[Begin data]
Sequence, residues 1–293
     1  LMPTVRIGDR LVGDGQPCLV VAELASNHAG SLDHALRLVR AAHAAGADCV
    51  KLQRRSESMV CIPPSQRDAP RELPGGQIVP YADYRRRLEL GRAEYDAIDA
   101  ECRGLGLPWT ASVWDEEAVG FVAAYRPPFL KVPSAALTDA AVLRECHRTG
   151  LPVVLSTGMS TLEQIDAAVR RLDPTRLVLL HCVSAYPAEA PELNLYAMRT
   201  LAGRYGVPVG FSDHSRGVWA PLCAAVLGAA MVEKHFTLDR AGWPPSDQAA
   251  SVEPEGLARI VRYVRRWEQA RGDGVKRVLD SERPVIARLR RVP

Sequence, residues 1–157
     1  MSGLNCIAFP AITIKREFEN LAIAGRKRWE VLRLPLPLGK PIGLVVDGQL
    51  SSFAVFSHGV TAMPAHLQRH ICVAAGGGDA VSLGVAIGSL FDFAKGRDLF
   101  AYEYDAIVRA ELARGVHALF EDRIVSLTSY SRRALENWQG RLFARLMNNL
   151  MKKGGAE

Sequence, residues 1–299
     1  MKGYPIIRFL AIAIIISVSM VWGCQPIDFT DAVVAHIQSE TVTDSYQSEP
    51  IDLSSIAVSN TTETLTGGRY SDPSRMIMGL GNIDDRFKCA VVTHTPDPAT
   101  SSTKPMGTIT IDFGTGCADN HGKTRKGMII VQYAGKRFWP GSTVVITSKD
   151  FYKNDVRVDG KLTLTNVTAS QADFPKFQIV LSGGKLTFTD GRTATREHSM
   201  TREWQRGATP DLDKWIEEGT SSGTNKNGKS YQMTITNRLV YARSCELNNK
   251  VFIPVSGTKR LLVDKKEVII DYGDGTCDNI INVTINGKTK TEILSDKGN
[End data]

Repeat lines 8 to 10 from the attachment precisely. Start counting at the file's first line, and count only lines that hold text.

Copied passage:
Sequence, residues 1–157
     1  MSGLNCIAFP AITIKREFEN LAIAGRKRWE VLRLPLPLGK PIGLVVDGQL
    51  SSFAVFSHGV TAMPAHLQRH ICVAAGGGDA VSLGVAIGSL FDFAKGRDLF